Wednesday, September 16, 2009

COLORADO: GETTING HIGH WITH MY HUBBY

There's just something about Colorado that makes me want to buy a John Denver CD. Seriously. Maybe it has something to do with the fact that almost everywhere you go in Colorado, from the airport to the grocery store, you see his music for sale and hear his mellow voice crooning songs that you're embarrassed to admit you know most of the words to.

Like all couples who have been married for thirty years, Bob and I celebrated by climbing a rather large mountain for our anniversary. In tribute to Bob and John Denver, I offer the following (You might want to listen to Johnny Boy himself while you're viewing):


"Thank God I'm a Country Boy"Bob in Georgetown, a scenic little town nestled in the mountains.

Leadville, Colorado, the epitome of a country town.
Beautiful flowers everywhere, in spite of near-freezing temperatures at night.

"Quaint" does not even begin to describe our bed and breakfast in Twin Lakes.
This rock was protruding from our bedroom wall. Apparently it was in the way when the basement addition was built, so they just left it and decorated it with mining miniatures. It's about the size of a big screen TV, but not quite as interesting. Didn't I tell ya it was quaint?
Snakes seem to follow Bob around. This dead one was on the Mt. Elbert trail.

Bob loves to be out in the mountains.

"Sunshine on My Shoulder"
The scenery around Leadville and Twin Lakes and on our Mt. Elbert hike was indescribable (but I'll try). The aspen had made the transition to a shimmering, fiery gold. The crisp, autumn air seemed to deepen the rosy pinks of dawn and the deep blues of evening. Rich red ground maples contrasted beautifully with the aspen, creating an unusual luminescence. It was Eden at its most mature.
"The morning breaks, the shadows flee."
This is the glorious dawn we experienced on our drive to the trailhead.

"Country Roads"
"Rocky Mountain High"
Bob and I agreed that Colorado in autumn is one of the most beautiful places we have ever been.
Heading up Mt. Elbert
Spectacular views
At about this point in our hike, we were wishing we had a magic pill that would give us that "Rocky Mountain High" 'cause all we were feeling was intense pain.
It's quite a feeling to be higher than anything you can see. Okay, we had the "Rocky Mountain High"--drug free! (Well, except for significant overdoses of Advil.) In fact, we thought we could hear John singing at this point, and we were humming along. Or were we moaning? I'm not sure. Come to think of it, perhaps it was oxygen deprivation rather than a Rocky Mountain high.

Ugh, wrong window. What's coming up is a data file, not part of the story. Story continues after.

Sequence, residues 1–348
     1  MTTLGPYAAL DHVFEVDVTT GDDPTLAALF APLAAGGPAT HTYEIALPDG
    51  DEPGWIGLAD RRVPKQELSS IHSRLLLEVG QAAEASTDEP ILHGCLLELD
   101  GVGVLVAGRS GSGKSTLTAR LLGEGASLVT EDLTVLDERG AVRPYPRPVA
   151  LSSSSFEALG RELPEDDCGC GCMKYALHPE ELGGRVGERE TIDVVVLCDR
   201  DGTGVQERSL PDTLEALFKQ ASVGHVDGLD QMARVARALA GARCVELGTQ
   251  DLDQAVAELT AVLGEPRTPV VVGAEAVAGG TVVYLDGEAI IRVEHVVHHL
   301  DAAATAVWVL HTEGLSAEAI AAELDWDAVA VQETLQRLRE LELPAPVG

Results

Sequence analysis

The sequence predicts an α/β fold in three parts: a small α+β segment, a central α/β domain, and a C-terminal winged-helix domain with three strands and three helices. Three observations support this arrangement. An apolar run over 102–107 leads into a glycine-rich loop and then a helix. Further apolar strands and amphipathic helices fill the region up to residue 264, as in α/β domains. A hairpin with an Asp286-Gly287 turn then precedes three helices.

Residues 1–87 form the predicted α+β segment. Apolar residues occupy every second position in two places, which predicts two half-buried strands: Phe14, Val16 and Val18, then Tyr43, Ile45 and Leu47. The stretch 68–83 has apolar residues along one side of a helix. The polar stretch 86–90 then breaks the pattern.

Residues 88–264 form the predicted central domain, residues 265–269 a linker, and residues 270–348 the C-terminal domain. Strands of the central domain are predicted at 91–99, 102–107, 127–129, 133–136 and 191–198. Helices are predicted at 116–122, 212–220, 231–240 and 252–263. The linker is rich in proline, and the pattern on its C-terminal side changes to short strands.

"[I'd Like to Be] Leaving On a Jet Plane"
Near the top of Mt. Elbert, we started to experience some hail, sleet and snow flurries. Here is a picture of some rock-hard hail. Not fun.
The summit marker. Each of the Fourteeners (53 in Colorado, 12 in California, and 2 in Washington State) have one of these U.S. Geological Survey markers pounded into the rock. They are about the diameter of a tennis ball. I think they should be about three feet across! Why didn't they ask me?

On top of Mt. Elbert, the tallest mountain in Colorado (14,443 feet) and the second tallest mountain in the contiguous United States (behind Mt. Whitney, 14,496 feet). Storm clouds were rollling in and we didn't want to be on top when the thunder and lightning began, so we only stayed up there for about 15 minutes. The only thing worse than going up a steep mountain is the descent. About half-way down, I was pretty sure both my knees were about to blow out and we would be paying for helicopter rescue. Bob never took my pleas for rescue seriously, and miraculously, I made it down, even though my knees felt like this:

Luckily, just a few days later I had recovered enough to negotiate these intense switchbacks leading up to Denver's Hammond Candy Factory:

Life with you is one adventure after another, Bob. Happy anniversary. Perhaps I could plan our next one?
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